Mon, Oct 29, 2007 - Page 3 News List

Joseph Wu says relations with US are healthy

LIKE A HOUSE ON FIRE Representative to the US Joseph Wu said the fact that so many Taiwanese work in that country shows that ties are close


Despite the fact that the two countries do not always agree on all issues, relations between Taiwan and the US are in good shape, representative to the US Joseph Wu (吳釗燮) said on Saturday.

Speaking at a gathering in California to mark the sixth conference of the Taipei-based Global Alliance for Democracy and Peace, Wu told the audience that "Taiwan is on good terms with the United States."

Wu said that although Taiwan and the US have "differing stances" on Taiwan's bid to enter the UN under the name "Taiwan," the US "will accept" the referendum on the UN bid that President Chen Shui-bian (陳水扁) and the Democratic Progressive Party (DPP) are proposing to allow Taiwanese to express their desire for freedom and democracy.


Regardless of whether the DPP's referendum, or the one proposed by the Chinese Nationalist Party (KMT) on "rejoining" the UN using the nation's official title, the Republic of China (ROC), succeeds, the US will view Taiwan from a different angle that will be conducive to mutual understanding and communication between the two countries, he said.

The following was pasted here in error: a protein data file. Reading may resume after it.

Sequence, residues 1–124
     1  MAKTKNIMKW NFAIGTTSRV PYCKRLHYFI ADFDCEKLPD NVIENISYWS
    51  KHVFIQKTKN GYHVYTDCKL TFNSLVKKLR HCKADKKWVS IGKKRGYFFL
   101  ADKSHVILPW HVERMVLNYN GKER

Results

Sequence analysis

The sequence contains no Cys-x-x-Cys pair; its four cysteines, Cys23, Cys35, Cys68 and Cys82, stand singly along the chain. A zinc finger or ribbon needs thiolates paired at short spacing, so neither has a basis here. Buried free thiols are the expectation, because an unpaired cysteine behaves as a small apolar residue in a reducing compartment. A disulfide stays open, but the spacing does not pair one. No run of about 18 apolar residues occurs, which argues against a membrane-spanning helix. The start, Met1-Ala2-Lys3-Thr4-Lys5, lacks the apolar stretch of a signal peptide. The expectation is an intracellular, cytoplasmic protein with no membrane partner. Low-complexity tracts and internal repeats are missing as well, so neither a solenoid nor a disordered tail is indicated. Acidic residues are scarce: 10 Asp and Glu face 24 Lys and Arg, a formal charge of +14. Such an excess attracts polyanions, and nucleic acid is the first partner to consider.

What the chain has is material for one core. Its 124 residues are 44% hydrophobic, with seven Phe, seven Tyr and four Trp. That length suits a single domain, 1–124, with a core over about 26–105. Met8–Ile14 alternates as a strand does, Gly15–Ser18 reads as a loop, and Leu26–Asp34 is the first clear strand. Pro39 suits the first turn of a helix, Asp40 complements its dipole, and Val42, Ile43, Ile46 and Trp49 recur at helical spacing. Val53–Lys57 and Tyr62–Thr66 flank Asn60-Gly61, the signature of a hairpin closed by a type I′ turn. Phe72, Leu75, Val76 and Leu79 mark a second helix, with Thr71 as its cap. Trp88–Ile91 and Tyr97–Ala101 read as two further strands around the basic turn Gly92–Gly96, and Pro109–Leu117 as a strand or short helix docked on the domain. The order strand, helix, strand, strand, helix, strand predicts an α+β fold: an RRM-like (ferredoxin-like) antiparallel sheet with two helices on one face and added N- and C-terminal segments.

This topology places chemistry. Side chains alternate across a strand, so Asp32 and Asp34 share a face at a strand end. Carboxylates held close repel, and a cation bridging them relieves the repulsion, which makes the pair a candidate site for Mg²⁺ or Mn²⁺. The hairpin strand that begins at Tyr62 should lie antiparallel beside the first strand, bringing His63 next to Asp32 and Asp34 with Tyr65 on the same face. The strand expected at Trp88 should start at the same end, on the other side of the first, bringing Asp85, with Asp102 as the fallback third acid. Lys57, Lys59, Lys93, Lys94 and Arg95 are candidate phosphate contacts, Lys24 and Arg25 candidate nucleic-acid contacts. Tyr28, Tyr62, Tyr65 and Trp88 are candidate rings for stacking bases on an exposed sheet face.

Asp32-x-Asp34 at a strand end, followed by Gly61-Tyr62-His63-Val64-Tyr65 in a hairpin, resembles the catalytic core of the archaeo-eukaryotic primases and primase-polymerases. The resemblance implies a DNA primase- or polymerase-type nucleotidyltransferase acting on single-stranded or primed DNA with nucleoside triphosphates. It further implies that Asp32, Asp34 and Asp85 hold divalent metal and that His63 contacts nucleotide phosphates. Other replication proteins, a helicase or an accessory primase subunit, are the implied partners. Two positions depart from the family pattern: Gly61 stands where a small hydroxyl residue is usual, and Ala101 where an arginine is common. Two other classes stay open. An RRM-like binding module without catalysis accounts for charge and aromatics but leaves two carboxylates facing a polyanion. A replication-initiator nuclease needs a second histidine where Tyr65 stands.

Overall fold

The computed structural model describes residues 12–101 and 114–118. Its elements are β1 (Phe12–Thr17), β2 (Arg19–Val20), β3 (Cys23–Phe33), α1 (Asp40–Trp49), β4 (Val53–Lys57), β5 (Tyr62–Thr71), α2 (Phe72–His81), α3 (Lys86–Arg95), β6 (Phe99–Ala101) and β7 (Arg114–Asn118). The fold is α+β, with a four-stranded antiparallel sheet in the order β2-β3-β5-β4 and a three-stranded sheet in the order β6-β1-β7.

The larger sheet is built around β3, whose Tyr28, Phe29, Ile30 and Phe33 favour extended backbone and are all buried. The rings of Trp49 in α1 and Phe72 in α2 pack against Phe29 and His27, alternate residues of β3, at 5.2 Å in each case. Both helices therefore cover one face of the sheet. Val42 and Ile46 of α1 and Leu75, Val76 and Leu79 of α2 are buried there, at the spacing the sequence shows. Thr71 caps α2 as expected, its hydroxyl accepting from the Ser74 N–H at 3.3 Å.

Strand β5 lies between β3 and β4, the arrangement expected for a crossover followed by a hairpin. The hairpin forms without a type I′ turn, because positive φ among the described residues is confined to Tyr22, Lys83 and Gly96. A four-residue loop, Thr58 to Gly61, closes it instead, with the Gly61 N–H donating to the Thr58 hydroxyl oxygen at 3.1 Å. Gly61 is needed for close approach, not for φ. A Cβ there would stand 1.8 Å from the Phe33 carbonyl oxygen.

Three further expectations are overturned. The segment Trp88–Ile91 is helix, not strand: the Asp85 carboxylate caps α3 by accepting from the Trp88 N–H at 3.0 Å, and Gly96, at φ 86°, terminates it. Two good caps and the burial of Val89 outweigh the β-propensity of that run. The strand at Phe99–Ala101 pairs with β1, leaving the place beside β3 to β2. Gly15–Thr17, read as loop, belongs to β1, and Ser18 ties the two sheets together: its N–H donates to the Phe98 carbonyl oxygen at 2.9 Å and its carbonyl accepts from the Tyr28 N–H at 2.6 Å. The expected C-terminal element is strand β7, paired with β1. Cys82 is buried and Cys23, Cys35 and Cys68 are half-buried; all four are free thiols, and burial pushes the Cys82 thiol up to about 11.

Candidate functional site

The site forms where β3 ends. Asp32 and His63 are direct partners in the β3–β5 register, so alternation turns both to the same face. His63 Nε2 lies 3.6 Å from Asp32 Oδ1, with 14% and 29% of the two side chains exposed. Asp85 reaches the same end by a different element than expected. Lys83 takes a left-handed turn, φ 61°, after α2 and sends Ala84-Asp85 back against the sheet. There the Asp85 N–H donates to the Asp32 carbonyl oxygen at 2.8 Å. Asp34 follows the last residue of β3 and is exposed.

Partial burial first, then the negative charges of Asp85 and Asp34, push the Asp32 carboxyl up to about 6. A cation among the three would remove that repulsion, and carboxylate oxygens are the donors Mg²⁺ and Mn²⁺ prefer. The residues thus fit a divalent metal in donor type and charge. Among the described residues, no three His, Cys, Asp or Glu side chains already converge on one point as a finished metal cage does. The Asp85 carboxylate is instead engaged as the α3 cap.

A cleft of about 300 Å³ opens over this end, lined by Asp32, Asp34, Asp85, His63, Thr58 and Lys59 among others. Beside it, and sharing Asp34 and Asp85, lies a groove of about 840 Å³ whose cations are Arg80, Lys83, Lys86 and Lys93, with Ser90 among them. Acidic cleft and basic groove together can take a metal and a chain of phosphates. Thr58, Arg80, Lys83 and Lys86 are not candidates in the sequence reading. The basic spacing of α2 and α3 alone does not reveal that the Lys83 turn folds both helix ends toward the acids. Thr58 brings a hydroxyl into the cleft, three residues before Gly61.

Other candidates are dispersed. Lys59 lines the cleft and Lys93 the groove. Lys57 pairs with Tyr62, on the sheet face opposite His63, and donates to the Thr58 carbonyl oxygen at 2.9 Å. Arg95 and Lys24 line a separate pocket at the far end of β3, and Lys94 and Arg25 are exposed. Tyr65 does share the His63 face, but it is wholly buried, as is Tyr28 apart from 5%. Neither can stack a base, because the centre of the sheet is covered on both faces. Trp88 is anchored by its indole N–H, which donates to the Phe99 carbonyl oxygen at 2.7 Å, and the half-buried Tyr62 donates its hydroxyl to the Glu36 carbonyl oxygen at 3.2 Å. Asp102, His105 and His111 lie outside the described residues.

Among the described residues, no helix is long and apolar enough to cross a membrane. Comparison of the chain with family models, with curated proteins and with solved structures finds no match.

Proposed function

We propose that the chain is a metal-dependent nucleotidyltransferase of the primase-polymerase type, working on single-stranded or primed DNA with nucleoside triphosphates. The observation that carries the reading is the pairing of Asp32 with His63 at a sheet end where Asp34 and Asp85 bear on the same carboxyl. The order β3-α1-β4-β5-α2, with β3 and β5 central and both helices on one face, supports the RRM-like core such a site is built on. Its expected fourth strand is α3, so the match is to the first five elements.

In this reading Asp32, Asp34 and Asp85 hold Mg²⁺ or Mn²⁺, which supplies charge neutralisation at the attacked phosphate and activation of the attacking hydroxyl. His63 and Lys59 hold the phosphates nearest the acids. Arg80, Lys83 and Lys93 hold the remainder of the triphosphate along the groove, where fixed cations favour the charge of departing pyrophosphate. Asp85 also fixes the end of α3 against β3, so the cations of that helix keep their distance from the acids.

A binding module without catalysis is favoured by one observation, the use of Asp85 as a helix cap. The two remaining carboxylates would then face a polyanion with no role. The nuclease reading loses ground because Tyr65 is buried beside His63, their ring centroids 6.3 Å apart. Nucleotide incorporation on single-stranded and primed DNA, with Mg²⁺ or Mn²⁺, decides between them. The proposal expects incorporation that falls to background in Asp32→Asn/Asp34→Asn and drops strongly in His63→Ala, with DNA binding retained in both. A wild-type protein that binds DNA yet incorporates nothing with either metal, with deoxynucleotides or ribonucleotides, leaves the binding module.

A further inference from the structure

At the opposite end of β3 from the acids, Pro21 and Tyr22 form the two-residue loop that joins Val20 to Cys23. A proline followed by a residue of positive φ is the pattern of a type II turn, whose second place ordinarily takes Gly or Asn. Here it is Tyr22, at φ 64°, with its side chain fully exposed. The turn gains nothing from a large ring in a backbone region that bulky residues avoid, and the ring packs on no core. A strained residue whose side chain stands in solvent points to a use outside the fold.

Wu said the fact that one in five engineers working in the San Francisco Bay Area high-tech sector is Taiwanese proves that ties between Taiwan and the US are close.

He called on Taiwanese expatriates in the US to spare no effort in pushing the US administration and the business sector to begin talks with Taiwan on the signing of a bilateral free-trade agreement so that Taiwan can enjoy trade opportunities equal to those enjoyed by other countries.


Wu said that China has not relented in its oppression and containment of Taiwan in the international community, which has led Taiwan to strive to change its official name. The nation's official name should therefore be "Taiwan" and not "The ROC," he said.

He added that global publicity about "Taiwan identity" was "primordial."

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